You have a better example with Prime Minister Erdogan's party in Turkey. Why did they win? Because they stood up for people. They have shown - despite all their weaknesses - that they have made tremendous progress in the country and have by no means established an Islamic state of God like the one in Iran. They want a democracy, but they don't want to simply ban Islam into the purely personal sphere, as it was under Ataturk.
You once described Turkey as a "laboratory for democracy". Do belief, religion and democracy go hand in hand?
Religion can go together with democracy. The leading architects in Europe from Charles De Gaulle and Konrad Adenauer to Robert Schuman and Alcide De Gasperi were devout Christians. The fact that Islam currently has more problems with democracy than Christianity is due to the fact that, in contrast to Christianity and Judaism, there was no Reformation or Enlightenment in Islam - except in certain circles. If you want to help, you have to support the moderate forces and isolate the radicals. The stupidest thing is to use armies against such people. It's as stupid as using fighter planes against the mafia.
How far would the readiness to negotiate with radical forces have to go? Do we also have to negotiate with the Taliban or Al Qaeda?
You cannot negotiate with al Qaeda. This is a secret terrorist organization. You can only dry them out. But the West watered it so that it could sprout. The American secret services recently admitted in secret documents that the Iraq war helped al Qaeda. There used to be no al Qaeda in Iraq. You could certainly negotiate with the Taliban. They're not just crazy people. There are extremists there too, and on the other hand those who warned the Bush administration about 9/11. That was not taken seriously. There were tribal leaders in Afghanistan who warned against invading with an army.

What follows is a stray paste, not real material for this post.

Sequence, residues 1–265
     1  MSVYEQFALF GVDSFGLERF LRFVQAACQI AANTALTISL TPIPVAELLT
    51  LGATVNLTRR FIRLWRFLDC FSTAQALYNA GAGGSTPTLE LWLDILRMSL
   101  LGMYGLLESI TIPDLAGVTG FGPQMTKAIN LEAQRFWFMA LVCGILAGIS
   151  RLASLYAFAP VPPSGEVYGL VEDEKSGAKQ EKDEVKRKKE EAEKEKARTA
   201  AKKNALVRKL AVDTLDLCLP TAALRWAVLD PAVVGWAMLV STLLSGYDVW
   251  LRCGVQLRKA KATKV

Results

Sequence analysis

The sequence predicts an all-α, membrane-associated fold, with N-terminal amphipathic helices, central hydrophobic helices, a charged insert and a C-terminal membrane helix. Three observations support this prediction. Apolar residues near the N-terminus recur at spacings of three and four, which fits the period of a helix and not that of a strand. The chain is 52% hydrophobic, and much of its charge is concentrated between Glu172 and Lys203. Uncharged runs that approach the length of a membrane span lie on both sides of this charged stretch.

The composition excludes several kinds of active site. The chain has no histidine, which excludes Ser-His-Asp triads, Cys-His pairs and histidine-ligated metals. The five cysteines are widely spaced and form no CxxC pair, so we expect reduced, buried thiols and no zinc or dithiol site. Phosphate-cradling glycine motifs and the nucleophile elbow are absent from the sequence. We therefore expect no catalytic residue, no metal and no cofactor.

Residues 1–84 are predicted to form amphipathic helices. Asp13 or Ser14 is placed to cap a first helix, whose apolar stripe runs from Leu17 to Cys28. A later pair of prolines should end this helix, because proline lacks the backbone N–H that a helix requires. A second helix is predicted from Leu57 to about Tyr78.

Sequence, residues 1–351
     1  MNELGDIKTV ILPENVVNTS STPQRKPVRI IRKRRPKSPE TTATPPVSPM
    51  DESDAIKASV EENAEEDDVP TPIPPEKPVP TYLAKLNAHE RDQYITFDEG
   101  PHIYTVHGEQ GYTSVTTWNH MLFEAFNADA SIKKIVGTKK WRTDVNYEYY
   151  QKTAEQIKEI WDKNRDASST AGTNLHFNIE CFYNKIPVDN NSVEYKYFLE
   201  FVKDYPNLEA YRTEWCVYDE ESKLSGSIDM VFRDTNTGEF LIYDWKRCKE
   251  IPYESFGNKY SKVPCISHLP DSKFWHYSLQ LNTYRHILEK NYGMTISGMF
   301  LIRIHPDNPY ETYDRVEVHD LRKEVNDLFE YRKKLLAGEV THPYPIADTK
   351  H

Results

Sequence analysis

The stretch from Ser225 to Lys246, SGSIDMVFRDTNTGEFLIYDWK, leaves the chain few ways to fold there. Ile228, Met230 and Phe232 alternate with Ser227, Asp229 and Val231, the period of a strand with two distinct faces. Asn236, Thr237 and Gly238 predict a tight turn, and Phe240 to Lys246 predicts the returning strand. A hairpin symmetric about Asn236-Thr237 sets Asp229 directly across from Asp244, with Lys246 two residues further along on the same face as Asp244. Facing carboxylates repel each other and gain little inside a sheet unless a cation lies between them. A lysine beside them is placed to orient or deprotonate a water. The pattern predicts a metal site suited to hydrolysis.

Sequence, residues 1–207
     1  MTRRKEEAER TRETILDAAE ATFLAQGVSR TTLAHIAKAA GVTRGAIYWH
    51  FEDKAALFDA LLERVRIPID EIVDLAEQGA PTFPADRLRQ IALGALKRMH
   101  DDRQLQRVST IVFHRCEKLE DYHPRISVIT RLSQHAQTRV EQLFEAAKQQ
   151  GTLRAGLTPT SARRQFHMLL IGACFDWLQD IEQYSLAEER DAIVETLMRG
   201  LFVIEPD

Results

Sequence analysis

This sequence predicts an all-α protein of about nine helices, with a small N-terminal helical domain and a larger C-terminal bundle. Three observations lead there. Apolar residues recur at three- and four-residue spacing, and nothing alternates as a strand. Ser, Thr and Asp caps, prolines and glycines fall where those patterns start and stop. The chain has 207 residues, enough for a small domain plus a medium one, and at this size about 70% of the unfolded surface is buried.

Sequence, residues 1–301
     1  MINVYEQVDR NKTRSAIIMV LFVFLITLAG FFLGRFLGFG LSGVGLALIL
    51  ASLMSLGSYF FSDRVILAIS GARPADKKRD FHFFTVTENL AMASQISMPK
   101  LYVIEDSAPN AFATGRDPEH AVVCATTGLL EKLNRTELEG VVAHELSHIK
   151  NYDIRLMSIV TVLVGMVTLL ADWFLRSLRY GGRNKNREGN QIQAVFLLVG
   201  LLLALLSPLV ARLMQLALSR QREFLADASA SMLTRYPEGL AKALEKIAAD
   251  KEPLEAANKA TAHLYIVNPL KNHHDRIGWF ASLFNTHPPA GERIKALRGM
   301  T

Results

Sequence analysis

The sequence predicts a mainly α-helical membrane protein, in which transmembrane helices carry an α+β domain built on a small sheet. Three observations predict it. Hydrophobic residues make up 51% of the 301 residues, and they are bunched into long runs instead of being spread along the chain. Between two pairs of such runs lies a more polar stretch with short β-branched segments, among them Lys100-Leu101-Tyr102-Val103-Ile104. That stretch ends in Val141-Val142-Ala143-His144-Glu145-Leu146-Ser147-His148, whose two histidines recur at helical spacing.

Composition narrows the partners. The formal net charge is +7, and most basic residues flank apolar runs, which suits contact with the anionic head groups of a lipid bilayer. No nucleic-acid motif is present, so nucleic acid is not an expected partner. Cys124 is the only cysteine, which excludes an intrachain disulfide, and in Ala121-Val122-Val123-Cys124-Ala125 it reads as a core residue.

Finally, a personal question: On September 12th, you will present your autobiography "Controversial Truth". If you were to take stock of your work on the Global Ethic: Are you still as positive as you were in 1990 when you wrote the book on the Global Ethic?
When I wrote the book in 1990, there was of course the hope that in future problems would not be solved with military means, with aggression, with enmity and war, but - as had prevailed in Western and Eastern Europe - with mutual solutions Understanding, through cooperation and integration. Unfortunately, this has been disrupted by the insane policies that the second Bush administration initiated with a clique of arch-conservative Jewish intellectuals, so-called neocons and Protestant fundamentalists.
What comes after Bush Jr.?
I am not an enemy but a friend of the Americans. I hope that in spite of this setback, the policies of Bush Jr. has brought, America has returned to the great democratic tradition of the country and wants to be supremacy in the sense of understanding, moderation and world peace.
Did it actually hurt you that Pope Benedict XVI. Has never accepted your idea of the Global Ethic?
He accepted the idea itself. He also sees that there must be common ethical standards. In the conversation he admitted that these must apply equally to believers and non-believers. One could only have expected that he would clearly advocate this idea himself. But what is not yet can still be.
The Catholic theologian and church critic Hans Küng has made a name for himself as a pioneer of the dialogue between religions and as the founder of the Global Ethic project. The Vatican had withdrawn the Swiss teaching permit in 1979 because the latter had questioned the Pope's infallibility. In the fall of 2005, Küng, born in 1928, was given birth to Pope Benedict XVI. received for a conversation.